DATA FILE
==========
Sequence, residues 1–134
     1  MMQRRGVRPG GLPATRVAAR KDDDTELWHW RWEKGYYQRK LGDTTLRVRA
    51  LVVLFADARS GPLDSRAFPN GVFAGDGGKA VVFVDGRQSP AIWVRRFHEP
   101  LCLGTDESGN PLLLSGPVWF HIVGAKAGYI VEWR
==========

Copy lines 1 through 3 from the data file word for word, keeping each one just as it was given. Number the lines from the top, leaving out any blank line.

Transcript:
Sequence, residues 1–134
     1  MMQRRGVRPG GLPATRVAAR KDDDTELWHW RWEKGYYQRK LGDTTLRVRA
    51  LVVLFADARS GPLDSRAFPN GVFAGDGGKA VVFVDGRQSP AIWVRRFHEP